08/10/2017 3:26PM

Correas has earned his ticket to big time

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Keeneland/Coady Photography
Trainer Ignacio Correas will saddle morning-line favorite Dona Bruja in Saturday’s Beverly D. Stakes at Arlington.

ARLINGTON HEIGHTS, Ill – A friend and colleague from back home in Argentina came to see Ignacio Correas in New York during 2002. The September before, Correas had left Argentina with his wife and two children. His friend could hardly believe the man before him.

“I had lost weight, from 165 to 128,” Correas said. “I started working 3:30 in the morning and I would leave at 5:30 in the evening every day. He said, ‘You you need to go home! What are you doing here?’ I said, ‘I’m going to do good!’ and he said. ‘You’re not doing good. You’re doing terrible.’ ”

Correas did not go home. And he was right about doing good. Saturday at Arlington, Correas starts Dona Bruja, the morning-line favorite in the Grade 1, $600,000 Beverly D. Stakes, and Kasaqui, a contender in the Grade 1 Arlington Million, a race in which he finished second last year.

Correas, 57, is balding and of average height, but radiates ferocity when he warms to a conversation. He was born to a racing family of means that paved a path to early success, but along the way Correas learned to work, and after coming to America he would have to employ that education to an extent scarcely imaginable.

“In America I had it pretty tough,” Correas said. “If I knew that it was that tough, I probably don’t even come.”

The full name is Ignacio Correas IV. Correas’s family has been breeding racehorses since 1872. The first Don Ignacio Correas traveled to England in 1906 and came home with the Epsom Derby winner Diamond Jubilee, who had been standing at stud for King Edward VII. Diamond Jubilee became a foundation stallion in Argentina, and the Correas farm became a durable powerhouse in Argentine racing.

Correas, leaning against a sedan outside his barn at Arlington on a recent morning, said his family has won the Argentine version of the Derby nine times.

It was in a 20th century version of this environment that Correas was raised. Correas disdained formal education and wanted to be a jockey, but after a stint at jockey school at age 14, it became apparent he was too tall for the profession. Correas wound up at university after an indifferent high school education and dropped out after a semester.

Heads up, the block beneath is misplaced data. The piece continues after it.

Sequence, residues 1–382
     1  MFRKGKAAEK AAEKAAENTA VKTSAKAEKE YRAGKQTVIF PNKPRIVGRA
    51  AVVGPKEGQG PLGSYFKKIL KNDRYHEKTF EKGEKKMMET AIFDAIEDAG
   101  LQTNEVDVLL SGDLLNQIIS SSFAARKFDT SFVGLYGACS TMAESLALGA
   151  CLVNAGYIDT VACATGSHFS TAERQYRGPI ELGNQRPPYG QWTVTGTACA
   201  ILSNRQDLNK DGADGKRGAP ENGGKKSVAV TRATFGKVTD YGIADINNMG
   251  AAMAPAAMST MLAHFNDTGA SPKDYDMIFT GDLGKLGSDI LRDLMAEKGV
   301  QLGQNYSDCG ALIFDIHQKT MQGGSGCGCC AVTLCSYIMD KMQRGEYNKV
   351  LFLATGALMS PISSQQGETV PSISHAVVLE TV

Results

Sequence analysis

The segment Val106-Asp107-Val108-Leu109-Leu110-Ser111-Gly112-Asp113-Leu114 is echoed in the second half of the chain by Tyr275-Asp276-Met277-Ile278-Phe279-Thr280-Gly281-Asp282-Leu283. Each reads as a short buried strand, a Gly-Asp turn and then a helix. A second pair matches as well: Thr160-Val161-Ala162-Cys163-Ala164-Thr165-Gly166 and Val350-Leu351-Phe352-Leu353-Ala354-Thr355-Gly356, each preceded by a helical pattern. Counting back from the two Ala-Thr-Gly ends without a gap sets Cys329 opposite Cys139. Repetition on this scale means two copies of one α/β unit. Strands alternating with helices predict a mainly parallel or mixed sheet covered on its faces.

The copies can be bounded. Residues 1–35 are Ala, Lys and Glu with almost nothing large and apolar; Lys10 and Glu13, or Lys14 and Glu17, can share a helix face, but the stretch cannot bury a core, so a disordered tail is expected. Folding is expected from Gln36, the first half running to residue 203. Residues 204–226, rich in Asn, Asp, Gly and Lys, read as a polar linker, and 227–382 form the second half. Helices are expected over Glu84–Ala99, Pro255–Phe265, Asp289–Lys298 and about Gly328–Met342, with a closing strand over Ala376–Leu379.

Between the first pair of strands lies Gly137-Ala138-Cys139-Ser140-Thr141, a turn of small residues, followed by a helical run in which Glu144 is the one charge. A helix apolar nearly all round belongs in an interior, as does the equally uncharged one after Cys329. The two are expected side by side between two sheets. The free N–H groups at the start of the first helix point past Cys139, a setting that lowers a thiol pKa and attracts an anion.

“It’s the old story – you study or you work,” Correas said.

First came work at the family farm, then as an assistant manager at the famed Haras Santa Maria de Araras in Brazil. Correas had fallen onto a path to succeed his father, who sent him to Europe to gain a more worldly understanding of the craft. Correas’s father was close to the Head family in France, particularly jockey Freddie Head, and Correas went first to stay with the trainer Alec Head. The plan was for him to move on to a farm in Cannes, but that plan changed after Correas got a taste of the Head stables.

“I guess that if I am a trainer, that’s where it began,” Correas said. “That’s where I said, ‘This is what I want to do. I don’t want to go to the farm.’ ”

Back home, Correas was given a job as a groom in 1979 for the family’s trainer, Jose Irzusda. In 1980, the family won the Argentine Derby with Pretenzioso. In the barn at the same time was another top-level horse, Campero.

“What I learned from Irzusda is you don’t need a system,” Correas said. “Horses are different. Irzusda, he would train Campero like a filly, barely do something with him. And I mean he was running a mile and a half, two miles. Pretenzioso, he was a big tank, and he would two-minute lick him the day of the race. Completely different horses but they both run a mile and a half, both trained completely different, and both very successful.”

Correas returned to France as a groom when Campero traveled to campaign in Europe. Campero was trained by David Smaga, a native of Spain.

“Smaga, he was tough,” Correas said. “I think he wanted to make it hard on the son of the owner. The thing I learned the most from him was the work ethic. Smaga told me before I left, ‘I don’t know if you’re going to be a better horseman, but I know that you can work anywhere and you can be good, because now you know how to work.’”